How to Calculate the Commercial Ratio
25 Essential Steps to Finding the Commercial Ratio
For sales and marketing professionals who are new to accounting language and financial statements, it's easy to get lost in the details. Grounding yourself in the purpose of the Commercial Ratio will help you focus on the numbers that matter most.
In order to measure something, you need to define its purpose. The Commercial Ratio is based on the assumption that the purpose of Sales and Marketing is to drive Revenue Growth.
All companies have “reporting periods.” A reporting period is when a company must report its earnings to the government (SEC for the US). All public companies must report once each quarter.
At a simple level, these companies are providing “financial reports.”
Financial reports are comprised of: A Balance Sheet. A Cash Flow Statement. An Income Statement.
A Balance Sheet shows what a company is owed and what it owns (assets, liabilities, and owner’s equity).
A Cash Flow Statement summarizes your incoming and outgoing money from operations, investing, and financing.
An Income Statement summarizes income and expenses during a set period of time.
Our goal is to measure the effectiveness of both Sales and Marketing. All the spending in these departments show up on the Income Statement. For the purposes of calculating the Commercial Ratio, we are only focused on that one thing.
The Numerator: Revenue Growth
To measure Revenue Growth, we have to compare periods.
A “period” is only a unit of time. We are comparing different units of time.
Periods can be any unit of time as long as they are the same (day, week, month, quarter, year, etc.).
Periods are often used in analytics and forecasts so it is important to make sure your data is well aligned or you cannot perform "apples to apples" comparisons.
To evaluate Sales and Marketing as a whole, we look at comparing 12 month periods.
TTM means “trailing twelve months.”
We don’t always use TTM. When companies report their financials from 2020, we will use 2020 revenue.
We are using TTM now simply to be as up-to-date and capture as much of the COVID-19 impact as possible. COVID-19 didn’t affect 2019 – so if we use the last 12 months, we get great insights.
So we calculate Revenue Growth by subtracting the past period's revenue from the current period's revenue.
Revenue Growth = (TTM or current period revenue) – (past period revenue)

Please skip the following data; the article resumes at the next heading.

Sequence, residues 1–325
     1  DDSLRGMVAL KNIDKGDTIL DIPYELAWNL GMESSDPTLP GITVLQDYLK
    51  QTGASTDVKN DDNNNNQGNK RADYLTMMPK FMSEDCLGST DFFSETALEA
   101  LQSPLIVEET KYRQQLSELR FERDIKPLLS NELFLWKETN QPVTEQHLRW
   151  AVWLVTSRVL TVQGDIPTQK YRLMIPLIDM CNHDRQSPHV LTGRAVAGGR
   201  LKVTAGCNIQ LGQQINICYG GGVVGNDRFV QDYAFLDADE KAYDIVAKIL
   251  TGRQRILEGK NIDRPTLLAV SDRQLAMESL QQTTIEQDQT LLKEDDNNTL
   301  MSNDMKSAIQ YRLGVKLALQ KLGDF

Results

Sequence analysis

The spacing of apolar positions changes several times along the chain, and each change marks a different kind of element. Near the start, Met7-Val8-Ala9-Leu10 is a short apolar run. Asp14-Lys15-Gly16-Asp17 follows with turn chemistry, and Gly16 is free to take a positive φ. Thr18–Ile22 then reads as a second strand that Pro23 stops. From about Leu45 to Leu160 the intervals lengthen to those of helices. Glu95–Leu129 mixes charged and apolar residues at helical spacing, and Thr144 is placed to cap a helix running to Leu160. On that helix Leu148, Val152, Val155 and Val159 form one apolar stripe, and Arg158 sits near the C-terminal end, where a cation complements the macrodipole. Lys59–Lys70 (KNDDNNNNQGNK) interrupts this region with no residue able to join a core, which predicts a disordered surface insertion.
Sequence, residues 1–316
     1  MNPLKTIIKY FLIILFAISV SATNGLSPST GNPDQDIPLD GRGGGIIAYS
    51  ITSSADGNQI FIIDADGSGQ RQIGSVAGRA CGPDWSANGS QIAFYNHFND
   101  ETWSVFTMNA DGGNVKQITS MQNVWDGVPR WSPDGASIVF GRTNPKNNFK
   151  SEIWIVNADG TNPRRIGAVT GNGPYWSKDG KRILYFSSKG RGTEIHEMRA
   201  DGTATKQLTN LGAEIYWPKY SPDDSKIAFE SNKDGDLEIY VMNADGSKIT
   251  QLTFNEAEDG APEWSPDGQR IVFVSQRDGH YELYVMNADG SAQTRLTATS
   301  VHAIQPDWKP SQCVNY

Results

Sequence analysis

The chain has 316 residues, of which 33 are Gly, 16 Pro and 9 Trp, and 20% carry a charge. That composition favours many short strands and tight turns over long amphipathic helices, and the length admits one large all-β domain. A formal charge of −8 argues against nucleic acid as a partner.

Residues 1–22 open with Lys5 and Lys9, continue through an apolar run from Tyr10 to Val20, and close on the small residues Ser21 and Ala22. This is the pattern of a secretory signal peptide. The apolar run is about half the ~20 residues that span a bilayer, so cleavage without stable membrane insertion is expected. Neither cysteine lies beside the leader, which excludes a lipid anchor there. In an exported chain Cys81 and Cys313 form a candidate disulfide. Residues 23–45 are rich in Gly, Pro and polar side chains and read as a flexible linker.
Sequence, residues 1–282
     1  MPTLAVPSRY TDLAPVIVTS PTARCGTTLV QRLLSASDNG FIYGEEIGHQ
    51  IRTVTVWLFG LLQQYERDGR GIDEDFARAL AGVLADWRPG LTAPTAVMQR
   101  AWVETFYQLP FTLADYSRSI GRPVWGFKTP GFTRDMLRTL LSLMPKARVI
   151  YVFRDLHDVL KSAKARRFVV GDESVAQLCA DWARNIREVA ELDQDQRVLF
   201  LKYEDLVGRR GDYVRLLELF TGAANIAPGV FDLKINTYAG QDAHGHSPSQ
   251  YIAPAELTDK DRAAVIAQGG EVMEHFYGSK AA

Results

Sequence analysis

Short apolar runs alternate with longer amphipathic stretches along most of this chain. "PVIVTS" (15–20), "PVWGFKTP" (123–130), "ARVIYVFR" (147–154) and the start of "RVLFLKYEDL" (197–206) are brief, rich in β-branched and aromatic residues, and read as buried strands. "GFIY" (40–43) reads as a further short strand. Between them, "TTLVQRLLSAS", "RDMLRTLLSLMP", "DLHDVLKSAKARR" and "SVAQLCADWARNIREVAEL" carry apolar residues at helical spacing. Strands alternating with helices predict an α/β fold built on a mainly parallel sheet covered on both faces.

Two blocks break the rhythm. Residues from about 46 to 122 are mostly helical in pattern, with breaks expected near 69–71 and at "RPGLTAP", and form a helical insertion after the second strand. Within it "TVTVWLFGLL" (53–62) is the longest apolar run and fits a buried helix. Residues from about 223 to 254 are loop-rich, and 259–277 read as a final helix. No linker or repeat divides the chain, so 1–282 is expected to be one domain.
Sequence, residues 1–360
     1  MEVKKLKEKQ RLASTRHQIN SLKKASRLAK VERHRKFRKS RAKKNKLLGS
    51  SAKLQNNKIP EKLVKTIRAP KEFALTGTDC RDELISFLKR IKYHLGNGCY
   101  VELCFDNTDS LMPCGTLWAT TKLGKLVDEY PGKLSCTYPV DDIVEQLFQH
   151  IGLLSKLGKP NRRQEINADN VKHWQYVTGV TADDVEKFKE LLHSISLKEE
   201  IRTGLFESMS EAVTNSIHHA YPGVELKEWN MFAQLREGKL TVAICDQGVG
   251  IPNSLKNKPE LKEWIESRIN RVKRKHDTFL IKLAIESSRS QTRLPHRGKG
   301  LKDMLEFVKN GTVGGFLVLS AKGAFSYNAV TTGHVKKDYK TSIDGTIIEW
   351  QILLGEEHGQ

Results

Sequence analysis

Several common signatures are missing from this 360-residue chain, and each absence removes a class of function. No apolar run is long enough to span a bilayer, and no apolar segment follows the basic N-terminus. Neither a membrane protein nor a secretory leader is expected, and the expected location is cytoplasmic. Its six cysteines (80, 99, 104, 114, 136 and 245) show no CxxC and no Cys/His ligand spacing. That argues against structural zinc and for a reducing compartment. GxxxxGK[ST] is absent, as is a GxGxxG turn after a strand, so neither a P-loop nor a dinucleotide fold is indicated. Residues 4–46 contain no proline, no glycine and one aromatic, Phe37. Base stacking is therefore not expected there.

The Denominator: Sales & Marketing Expense
We are looking for both Sales and Marketing costs.
There is a business process in finance often called the “roll up” where they take all of the individual budgets companies have and merge them into the categories of an Income Statement.
It is important to understand this. Why? Because most Sales and Marketing professionals understand their “budgets” and have no idea how much other spending is happening in other departments. The Sales and Marketing spending is not a “budget,” it is a reporting of all the budgets.
Think of it like this: the Army has no idea how much the Navy or Air Force spends so they don’t have much empathy for “total defense spending” when they ask Congress for more money. But to you and I, we see 25 percent of all government spending is on the military and we outspend all the countries in the entire world combined!
This is where things get technical. There is something called GAAP (Generally Accepted Accounting Principles). These are merely rules to follow. Companies are allowed to account for spending differently, they just need to be consistent.
This means that some companies could argue some of their Sales and Marketing spending is “cost of revenue.” However, this includes the total cost of manufacturing and delivering a product or service to consumers. For the purposes of the Commercial Ratio, we are only concerned with Sales and Marketing costs.
Companies can choose to break out Sales and Marketing costs in one line item (which makes finding the denominator easy).
However, some companies put Sales and Marketing costs into a spending bucket called SG&A (Selling, General, and Administrative).
When Sales and Marketing are accounted for in the spending bucket called SG&A, we have to estimate the Sales and Marketing spending for the current period.
We do this by estimating 12-15 percent from the SG&A number accounts for General and Administrative spending and 85 percent Sales and Marketing spending.
For example $1,000,000 SG&A x .85 the estimated amount of Sales and Marketing spend = $850,000 Sales and Marketing Expense.
Now divide Revenue Growth (The Numerator: Step 5) by Sales & Marketing Expense for the current period (Step 9 above) to calculate the Commercial Ratio.
Most people get lost in the simplicity. The Commercial Ratio only measures Sales and Marketing productivity.
The Commercial Ratio is simple. What makes it complex:
Every company is different. Find a friend in finance to make sure at the simplistic level that you know what’s going into each bucket and know what are the financial rules associated with the Income Statement.
There are specific rules (that if you know then they are easy).
Companies have different fiscal years so we have to be smart with comparing time periods.
There are a lot of specific terms for financial reports. It’s easy to think you need to know them. You do not.
Most people get lost in the simplicity (because of the details). The Commercial Ratio only measures Sales and Marketing productivity.
What the Commercial Ratio Means
A ratio measures how effective something is. Establishing a baseline allows you to do comparisons, both internally and externally.
How to compare your Commercial Ratio